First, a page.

Headed on through town on N 8th and my normal route to Harry Langdon. After over 22 miles under my belt, I was pleased that my legs were strong enough to carry me up the hill there at 10 mph.

Ended up with 26 miles, about 2 hours and a quarter. A good ride, several good photos.

Monday, July 19, 2010

Missouri River At Lake Manawa

I have been watching the Missouri River slowly recede back into its banks. Though the flood waters were contained by the levee, this is the second time this year and the third time in the last 3 years the river has flooded.

Of particular interest to me and dirt riders has been the mountain bike trails at Lake Manawa SP.

The trails were rideable except for the ditch at the black pipe, when the June floods hit. This year was the highest I have seen since I have been riding there. It the photo above, note the stain on the blue trail marker - that was the high-water mark. In the distance you can see a utility pole across the trail. The flood waters floated the pole from the parking lot to its current location.

Most of the parking lot was under water. Those of you that are familiar with the parking lot - you will notice the utility poles are missing or have moved.

I have not been out on the trails here to check them out. Because of what I had seen, I have been spending time riding paved trails or the Wabash Trace. I expect that West Sidewinder it high and dry. One of these days I will wander out and check them out. As long as if it stays in its banks, eventually we should be able to get back on the trails. For now, just consider the mountain bike trails at Lake Manawa are CLOSED.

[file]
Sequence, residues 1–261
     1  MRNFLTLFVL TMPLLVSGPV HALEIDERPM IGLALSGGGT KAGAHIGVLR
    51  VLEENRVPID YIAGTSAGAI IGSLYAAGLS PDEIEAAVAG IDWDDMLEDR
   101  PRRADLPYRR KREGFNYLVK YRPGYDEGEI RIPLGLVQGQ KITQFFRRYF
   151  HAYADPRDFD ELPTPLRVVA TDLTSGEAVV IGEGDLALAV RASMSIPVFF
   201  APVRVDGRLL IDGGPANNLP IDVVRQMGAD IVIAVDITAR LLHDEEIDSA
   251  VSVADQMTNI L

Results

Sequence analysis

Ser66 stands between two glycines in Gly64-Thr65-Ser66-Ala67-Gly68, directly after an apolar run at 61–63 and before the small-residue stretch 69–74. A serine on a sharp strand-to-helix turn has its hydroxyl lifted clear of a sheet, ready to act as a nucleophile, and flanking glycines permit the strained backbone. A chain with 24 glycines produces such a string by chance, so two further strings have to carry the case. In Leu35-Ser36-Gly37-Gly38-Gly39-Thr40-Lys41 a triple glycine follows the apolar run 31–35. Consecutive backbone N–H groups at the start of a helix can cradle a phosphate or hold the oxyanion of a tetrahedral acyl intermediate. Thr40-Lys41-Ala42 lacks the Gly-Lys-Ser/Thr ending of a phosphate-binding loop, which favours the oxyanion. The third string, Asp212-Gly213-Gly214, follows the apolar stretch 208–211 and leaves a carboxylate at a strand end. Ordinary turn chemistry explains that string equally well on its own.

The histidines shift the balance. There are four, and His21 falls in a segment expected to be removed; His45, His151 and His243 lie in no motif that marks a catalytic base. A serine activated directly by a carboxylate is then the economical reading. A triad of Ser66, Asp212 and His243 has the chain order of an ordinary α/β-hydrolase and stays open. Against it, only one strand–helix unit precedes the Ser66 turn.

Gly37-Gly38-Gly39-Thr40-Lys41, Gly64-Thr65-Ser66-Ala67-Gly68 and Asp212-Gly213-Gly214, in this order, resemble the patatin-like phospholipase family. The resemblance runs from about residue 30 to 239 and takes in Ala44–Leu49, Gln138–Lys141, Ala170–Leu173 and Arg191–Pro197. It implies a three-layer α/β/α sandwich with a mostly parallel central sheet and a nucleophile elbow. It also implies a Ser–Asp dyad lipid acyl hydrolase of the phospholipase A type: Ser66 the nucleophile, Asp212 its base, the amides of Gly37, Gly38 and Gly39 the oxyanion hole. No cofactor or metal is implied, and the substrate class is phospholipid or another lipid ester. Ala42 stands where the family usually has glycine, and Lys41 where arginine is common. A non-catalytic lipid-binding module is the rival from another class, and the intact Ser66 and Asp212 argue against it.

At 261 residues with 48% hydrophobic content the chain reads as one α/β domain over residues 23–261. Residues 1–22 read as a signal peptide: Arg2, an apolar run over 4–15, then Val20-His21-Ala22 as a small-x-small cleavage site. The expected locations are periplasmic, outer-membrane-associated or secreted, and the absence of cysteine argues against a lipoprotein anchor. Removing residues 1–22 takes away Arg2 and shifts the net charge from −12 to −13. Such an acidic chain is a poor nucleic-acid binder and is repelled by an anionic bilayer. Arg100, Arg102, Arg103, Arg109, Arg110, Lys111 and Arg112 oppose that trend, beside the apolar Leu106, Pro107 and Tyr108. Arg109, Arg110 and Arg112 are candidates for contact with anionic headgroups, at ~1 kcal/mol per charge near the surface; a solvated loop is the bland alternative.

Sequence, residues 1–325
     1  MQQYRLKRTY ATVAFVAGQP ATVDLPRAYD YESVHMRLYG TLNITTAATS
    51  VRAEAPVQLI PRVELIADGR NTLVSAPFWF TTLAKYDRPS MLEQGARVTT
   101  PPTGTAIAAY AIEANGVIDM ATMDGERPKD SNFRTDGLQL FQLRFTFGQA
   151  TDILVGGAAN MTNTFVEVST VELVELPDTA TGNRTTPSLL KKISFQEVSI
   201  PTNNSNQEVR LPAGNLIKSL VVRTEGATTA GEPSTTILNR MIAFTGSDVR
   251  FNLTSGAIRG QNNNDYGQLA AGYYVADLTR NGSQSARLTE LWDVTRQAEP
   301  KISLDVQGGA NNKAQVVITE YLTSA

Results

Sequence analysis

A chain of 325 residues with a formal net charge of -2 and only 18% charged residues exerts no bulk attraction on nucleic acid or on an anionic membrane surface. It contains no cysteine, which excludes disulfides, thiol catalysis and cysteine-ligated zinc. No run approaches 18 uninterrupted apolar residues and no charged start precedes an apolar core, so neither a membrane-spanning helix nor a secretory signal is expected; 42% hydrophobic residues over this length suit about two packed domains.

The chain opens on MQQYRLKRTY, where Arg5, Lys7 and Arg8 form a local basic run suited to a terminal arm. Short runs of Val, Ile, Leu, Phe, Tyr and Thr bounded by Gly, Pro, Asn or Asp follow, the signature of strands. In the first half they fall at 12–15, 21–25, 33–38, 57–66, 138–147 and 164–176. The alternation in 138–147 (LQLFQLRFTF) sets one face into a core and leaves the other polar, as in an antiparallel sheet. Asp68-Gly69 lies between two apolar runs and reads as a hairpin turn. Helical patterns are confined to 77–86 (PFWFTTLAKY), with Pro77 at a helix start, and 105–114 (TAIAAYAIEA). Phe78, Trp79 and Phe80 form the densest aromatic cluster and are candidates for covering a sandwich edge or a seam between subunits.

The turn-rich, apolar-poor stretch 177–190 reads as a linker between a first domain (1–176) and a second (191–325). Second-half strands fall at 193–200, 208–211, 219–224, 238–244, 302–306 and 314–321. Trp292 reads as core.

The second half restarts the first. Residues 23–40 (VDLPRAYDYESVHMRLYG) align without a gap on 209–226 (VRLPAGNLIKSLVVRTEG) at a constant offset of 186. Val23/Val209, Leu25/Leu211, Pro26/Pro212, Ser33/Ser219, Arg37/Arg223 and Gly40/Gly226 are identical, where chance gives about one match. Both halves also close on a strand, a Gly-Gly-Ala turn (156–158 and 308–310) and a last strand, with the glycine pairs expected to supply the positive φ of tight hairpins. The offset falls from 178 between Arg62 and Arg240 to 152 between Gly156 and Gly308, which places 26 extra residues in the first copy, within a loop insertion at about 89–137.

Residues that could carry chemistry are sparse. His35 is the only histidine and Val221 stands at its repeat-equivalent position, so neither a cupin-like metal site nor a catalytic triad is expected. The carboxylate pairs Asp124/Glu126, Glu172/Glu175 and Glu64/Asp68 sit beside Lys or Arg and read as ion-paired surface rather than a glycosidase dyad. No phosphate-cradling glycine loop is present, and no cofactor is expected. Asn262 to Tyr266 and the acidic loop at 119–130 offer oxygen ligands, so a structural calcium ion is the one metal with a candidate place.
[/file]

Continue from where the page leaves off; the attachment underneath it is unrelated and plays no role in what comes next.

The high waters are not just a problem here in Iowa/Nebraska. Word is that the Corps of Engineers will be continuing releasing waste from the reservoirs. The third photo is of the Missouri River at the river board ramps - Lake Manawa SP. The docking is still sitting in the parking lot. As you can see, the river is very high.

It looks like the river will be high for most of the year. And the dirt trails have not been the only trails effected.

I had heard that the Iowa Rivrfront Trails was flooding under the Harrahs parking garage. Last report, the trail is passable with a detour. You just will not be riding right next to the river.

That is not the case for the section of the Iowa Riverfront Trail near the Western Historic Trails Center. There is a low spot in the trail that is still underwater. The final photo in this posting is of that trail. You can see the high-water mark on the pavement. There is a signed detour that takes riders on the gravel levee access road. The detour meets up back after the flooded area. I have not ridden this detour because I have been riding my road bike on the paved trails.

For a comparison - checkout the blog posting from Tuesday, July 6th. The water IS receding - slowly. Since my road bike is in the shops for adjustments, I may have to take the hybrid for a ride to checkout the rest of the Iowa Riverfront Trail.

For those of you interested in my personal riding - yesterday I hit the 700 mile mark for the year - 200 miles on the new road bike. While not good compared with the 1500+ miles last year by this time, I am please, with the weather and what Ihave been though this year.

Keep on Pedaling!

Wednesday, July 7, 2010

More Water Released

Yesterday, I observed that the river was receding. That would be good news for those of us that like to ride the Iowa Riverfront Trail in Council Bluffs.

Well, today on the news I heard that the Corp of Engineers is releasing more water from the Gavins Point Dam (near Yankton, SD). So, we can expect river levels to rise again.

There's a surplus of water up stream, in addition to the excess of water in the Omaha area. Don't expect the river to be down (and the trail rideable) for some time.

Tuesday, July 6, 2010

Felt Damn Good